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A great family experience -- but hold the eel

August 12, 2007|C.J. Nitkowski | For the Associated Press

C.J. Nitkowski pitched for several major league teams from 1995-2005. He's playing in Japan this year for the Fukuoka SoftBank Hawks and will file periodic updates for the Associated Press on his experience. His stories will be archived on his website, www.cjbaseball.com

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FUKUOKA, Japan -- The cultural opportunity was one of the factors that made the decision to pack up and play baseball in Japan an easy one.

With a 7-year-old son and a 5-year-old daughter, I knew the timing was perfect for them to both enjoy and retain a valuable life experience. And with the season better than two-thirds complete, it's been even better than I imagined for all of us.

Baseball players ask a lot of their families. For the past 14 years I have dragged my wife, Megan, to about 20 different cities, including Chattanooga, Detroit, New Orleans and now Fukuoka.

Once we had children the travel became much more demanding. Like most, my kids are resilient and always find ways to get comfortable in new surroundings. Despite that attribute, bringing them to a foreign country certainly gave my wife and I some anxiety.

We placed them in an international school for over three months, which we anticipated would be great for them. With children from over 20 different countries, my kids were intimately exposed to new cultures they otherwise probably would never have witnessed. Much to our surprise, they weren't intimidated at all.

As the principal told us on our first visit, it is English in the classrooms -- but on the playground, they are on their own. Your first thought is seeing your American child alone at recess with no one to talk to or play with.

That was hardly the case.

It was really amazing to watch all these international children make it work. English, Korean or Japanese, nothing could stop these kids from finding a way to play and have fun. It was one of those times when you are amazed at what children can do.

At the ballpark, our kids fit in fine. In fact, they started to think they were minor celebrities.

Whenever my family came to games, they would drive home with me. The walk from the clubhouse to the team parking lot included a stroll past a blocked-off section of fans asking for autographs. The numbers could range anywhere from 50 to 200 a night. Some nights I would stop, others I just wanted to get home.

One night a fan asked my son to sign an autograph and instantly he thought he was the coolest kid around. I can't blame him, though the young fan's reaction to getting my son's autograph was a little over the top for me. And can you really call it an autograph when it's only his first name printed much like the way you'd expect a first-grader to print his name?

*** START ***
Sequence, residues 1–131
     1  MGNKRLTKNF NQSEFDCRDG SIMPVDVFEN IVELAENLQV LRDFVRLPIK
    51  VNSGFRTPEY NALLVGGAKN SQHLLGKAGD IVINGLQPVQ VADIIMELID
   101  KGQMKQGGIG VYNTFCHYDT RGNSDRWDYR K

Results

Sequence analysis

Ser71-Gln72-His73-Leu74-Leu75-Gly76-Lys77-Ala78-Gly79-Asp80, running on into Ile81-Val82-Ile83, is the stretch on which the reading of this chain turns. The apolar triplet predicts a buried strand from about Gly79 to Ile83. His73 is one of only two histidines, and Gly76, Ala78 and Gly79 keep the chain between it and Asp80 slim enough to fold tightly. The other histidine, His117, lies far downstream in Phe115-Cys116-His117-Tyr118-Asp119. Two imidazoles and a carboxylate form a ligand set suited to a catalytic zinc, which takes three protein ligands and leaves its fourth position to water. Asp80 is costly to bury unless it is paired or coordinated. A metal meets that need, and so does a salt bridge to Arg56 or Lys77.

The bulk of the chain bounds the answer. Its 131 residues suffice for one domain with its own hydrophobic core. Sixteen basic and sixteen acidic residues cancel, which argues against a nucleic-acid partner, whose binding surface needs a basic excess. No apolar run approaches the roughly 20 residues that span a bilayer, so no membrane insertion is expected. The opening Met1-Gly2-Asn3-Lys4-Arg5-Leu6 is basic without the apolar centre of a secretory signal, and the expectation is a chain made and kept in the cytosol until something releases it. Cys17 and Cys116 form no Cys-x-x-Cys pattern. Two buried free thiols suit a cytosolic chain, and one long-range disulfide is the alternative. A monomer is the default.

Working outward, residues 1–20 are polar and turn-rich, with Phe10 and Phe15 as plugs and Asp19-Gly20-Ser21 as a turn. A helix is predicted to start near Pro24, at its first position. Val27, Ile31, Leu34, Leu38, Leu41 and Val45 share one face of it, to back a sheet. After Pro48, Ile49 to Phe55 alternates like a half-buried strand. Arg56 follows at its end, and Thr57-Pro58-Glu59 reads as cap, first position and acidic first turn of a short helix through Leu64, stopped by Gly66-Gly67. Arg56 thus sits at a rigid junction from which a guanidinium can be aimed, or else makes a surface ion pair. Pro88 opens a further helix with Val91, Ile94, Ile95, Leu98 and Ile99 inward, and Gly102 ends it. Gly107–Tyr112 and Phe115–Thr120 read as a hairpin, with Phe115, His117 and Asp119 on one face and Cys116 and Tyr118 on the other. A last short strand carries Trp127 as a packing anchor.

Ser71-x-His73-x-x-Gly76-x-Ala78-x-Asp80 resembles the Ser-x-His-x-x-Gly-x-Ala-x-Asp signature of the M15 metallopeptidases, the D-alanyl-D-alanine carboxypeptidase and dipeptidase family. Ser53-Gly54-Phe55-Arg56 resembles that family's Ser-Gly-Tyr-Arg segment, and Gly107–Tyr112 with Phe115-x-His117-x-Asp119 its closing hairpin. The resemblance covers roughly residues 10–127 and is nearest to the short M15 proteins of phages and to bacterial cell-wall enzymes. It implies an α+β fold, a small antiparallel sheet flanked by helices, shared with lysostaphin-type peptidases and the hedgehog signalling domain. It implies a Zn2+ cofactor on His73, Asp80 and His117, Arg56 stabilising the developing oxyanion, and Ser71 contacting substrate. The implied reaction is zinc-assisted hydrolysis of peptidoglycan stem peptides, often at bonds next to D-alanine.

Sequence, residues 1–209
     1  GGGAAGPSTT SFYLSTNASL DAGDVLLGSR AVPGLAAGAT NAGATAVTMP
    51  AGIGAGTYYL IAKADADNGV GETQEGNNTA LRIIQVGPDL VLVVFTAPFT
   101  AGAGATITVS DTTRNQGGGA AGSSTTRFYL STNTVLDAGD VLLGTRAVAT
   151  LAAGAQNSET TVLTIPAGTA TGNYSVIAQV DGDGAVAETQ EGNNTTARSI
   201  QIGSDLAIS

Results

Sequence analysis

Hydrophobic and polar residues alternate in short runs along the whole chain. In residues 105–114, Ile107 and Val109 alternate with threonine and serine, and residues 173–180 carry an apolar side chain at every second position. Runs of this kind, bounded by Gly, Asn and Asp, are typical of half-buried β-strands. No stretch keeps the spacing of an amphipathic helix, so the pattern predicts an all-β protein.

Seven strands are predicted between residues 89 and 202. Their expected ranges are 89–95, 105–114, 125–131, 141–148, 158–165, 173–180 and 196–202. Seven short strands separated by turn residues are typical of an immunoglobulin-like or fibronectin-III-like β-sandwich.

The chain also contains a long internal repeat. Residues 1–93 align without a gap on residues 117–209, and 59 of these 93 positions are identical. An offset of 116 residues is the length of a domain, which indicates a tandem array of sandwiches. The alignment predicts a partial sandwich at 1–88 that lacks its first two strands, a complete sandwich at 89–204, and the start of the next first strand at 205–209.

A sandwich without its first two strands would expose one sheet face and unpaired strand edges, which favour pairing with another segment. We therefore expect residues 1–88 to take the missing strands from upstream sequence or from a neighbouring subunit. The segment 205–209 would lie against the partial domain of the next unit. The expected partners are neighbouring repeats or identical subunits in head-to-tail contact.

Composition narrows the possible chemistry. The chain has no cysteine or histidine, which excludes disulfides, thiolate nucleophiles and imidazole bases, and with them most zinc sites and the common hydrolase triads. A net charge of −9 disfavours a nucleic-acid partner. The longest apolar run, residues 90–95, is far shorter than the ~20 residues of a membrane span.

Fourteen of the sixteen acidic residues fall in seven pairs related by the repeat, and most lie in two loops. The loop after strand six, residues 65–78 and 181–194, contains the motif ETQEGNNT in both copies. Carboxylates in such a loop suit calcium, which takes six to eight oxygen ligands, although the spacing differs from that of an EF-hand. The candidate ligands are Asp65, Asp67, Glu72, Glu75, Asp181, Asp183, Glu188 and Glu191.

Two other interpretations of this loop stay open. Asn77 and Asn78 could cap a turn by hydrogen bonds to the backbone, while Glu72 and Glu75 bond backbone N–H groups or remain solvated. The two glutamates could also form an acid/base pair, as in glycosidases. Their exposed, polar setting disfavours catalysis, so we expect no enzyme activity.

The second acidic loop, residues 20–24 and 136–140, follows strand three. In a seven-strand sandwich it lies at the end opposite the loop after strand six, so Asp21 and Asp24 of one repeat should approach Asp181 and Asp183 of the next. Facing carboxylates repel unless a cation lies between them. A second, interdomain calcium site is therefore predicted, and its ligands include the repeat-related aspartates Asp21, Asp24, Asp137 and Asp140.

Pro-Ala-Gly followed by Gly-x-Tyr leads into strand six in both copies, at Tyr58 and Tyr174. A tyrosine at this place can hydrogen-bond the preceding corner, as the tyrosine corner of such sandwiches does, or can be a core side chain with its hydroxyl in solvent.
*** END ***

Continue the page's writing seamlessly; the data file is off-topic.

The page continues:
After this happened once, the kids expected it to happen every night.

The topper for me was one night in June when I had already told the kids that we were going straight to the car, no autographs tonight. My daughter was disappointed.

As she walked past what she had assumed was "her" fans, she had a Hollywood starlet strut, waving her hand toward the small crowd and announcing, "sorry, no autographs tonight." My wife and I just looked at each other wondering what we were going to do about this.

One real concern we had at the outset was food. Kids can be picky eaters and mine are no different.

At first, we did it like most foreigners would, shipping a lot of things from home, mostly instant pancakes and cereal bars. There is no shortage of McDonald's in Japan, as well as Wendy's and Domino's. There is also a Costco in Fukuoka and these American chains were lifesavers. But at some point we knew we would have to venture out.

The biggest surprise came from my son, Matthew, who is practically a vegetarian. Carbs keep him alive. If we allowed it, I think he would eat pancakes, dinner rolls and pasta exclusively.

I had little expectation that he would enjoy a night of yakiniku -- Korean barbecue. Much to our amazement, not only did he eat cow tongue and other yakiniku meats, but he would tell you it is his favorite Japanese food (though it is not Japanese).

I convinced my son it was "man food" and this was how we build up muscles. He bought it. He also became a huge Ichiro fan this summer and he figured since Ichiro was Japanese he must eat cow tongue too. Whatever works, I was just happy to see him eating something different.

Surprisingly my daughter, Brooke, the carnivore of my two, wanted nothing to do with it. "Kekko desu" (no, thank you) was her response when offered cow tongue. I just don't think she could get past the thought that what she would be eating was once was in the mouth of an adorable cow.

Ballpark food, however, was a challenge that my wife and kids were not about to take on.

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